Coaching Resources

​Coaches must be certified in Respect in Sport, which is a 2 hour online course.

 If you have already completed this course with another sport you must log in and add Football as a sport to your file.




Keep It All in Perspective

Remember that your child learns more from your actions than your words. Practice good sportsmanship by being respectful to players, parents and coaches on both teams.
There is nothing wrong with applauding a good play made by the opponents. Parents can be good role models by appreciating the efforts made by both teams.
Most coaches are volunteers and work hard at what they do. To lessen confusion, and out of respect for their position, please allow your child’s coach to be the only one coaching players on the field.
Please refrain from loud or rude behaviour.
Offer encouragement and positive reinforcement, not criticism, to your star player.
Encourage discipline by having your child arrive on time for practices and games.
Belonging to a team requires commitment. Parents can help children understand this through regular attendance and preparation.
Whenever possible, volunteer. This shows participants the value of being a team player.
Please respect the officials and their calls. It’s OK to disagree, but inappropriate to disparage.

What Parents Expect of Coaches

Make sport enjoyable
Respect children as individuals
Be a knowledgeable leader
Be safety conscious
Act in a mature and adult manner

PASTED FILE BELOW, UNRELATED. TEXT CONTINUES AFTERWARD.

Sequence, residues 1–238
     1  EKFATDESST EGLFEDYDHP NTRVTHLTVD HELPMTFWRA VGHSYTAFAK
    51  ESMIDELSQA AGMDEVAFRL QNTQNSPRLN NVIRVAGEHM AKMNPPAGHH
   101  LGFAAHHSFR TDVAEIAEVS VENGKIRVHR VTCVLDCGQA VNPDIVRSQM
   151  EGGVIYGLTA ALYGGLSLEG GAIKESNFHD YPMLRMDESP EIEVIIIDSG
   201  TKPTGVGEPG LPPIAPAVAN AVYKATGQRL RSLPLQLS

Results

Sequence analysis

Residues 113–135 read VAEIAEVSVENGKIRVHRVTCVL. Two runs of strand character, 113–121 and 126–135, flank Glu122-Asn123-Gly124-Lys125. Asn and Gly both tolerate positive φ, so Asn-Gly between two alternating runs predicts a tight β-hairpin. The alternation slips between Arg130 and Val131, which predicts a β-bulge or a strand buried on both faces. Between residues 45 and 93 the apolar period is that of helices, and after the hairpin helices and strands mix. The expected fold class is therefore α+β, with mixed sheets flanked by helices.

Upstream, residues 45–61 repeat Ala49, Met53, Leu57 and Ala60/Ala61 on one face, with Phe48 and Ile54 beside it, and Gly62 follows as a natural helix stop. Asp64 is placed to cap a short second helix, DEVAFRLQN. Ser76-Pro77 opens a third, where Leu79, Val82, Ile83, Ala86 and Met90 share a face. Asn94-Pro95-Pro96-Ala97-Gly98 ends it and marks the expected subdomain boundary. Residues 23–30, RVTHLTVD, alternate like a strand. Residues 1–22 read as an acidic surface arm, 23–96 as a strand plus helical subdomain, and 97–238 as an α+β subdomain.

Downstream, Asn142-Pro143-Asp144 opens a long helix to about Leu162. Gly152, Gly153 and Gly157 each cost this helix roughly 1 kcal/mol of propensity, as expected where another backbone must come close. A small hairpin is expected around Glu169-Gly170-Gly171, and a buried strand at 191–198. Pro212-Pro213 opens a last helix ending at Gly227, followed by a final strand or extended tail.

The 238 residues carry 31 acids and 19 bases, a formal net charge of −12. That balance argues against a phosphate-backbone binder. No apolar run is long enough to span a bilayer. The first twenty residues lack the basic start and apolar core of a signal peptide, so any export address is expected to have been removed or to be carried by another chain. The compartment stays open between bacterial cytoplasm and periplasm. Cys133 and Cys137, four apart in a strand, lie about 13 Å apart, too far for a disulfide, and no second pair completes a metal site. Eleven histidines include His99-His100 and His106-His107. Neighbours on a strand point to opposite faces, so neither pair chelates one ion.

Be fair
Respect rules and officials
Give equal opportunity for playing time
Plan activities effectively
Be approachable

Coaching Tips..…3 F’s

Remember, kids participate in sports for all kinds of reasons. They enjoy learning new skills, and testing these skills against others. They like the challenge and excitement. Winning and pleasing others are part of it, too, but they are not nearly as important as the simple pleasure kids get from being active, being with friends — being part of a team! The approach you take to coaching should reflect these desires. You’re on the right track if you concentrate on fun, fitness, and fundamentals.

Fun — Make it a great experience for the whole family — for players, coaches, officials, and fans!
Fitness — Aim for active participation for every child. In this way, sport will contribute to the mental and physical development of all participants.
Fundamentals — Focus on the basics. As children develop their skills, their enjoyment of the sport will grow.

How to Coach Kids in Flag Football

Flag football is a simple sport, so coaches – keep it simple. Below are ten simple but effective ways to ensure your team’s success during the upcoming flag football season:

Flag Pulling: If you can’t pull a flag you’re dead in the water. Before every practice & game set aside 20 minutes for flag pulling drills. The drill goes as follows…
a. Form a single line.
b. The player (lets call him Player A) in the front of the line puts his left hand behind his back, rendering it useless. 
c. One by one, instruct the remaining players to jog past Player A’s right side with their hands risen.
d. Player A must focus on pulling each player’s flag as they jog by.
e. Upon the final flag being drawn from the right side, have Player A turn around, switch hands, and pull the flags off the remaining players as they jog by his left side. This drill, albeit somewhat basic, greatly increases hand-eye coordination and overall flag pulling ability because of its repetitive nature.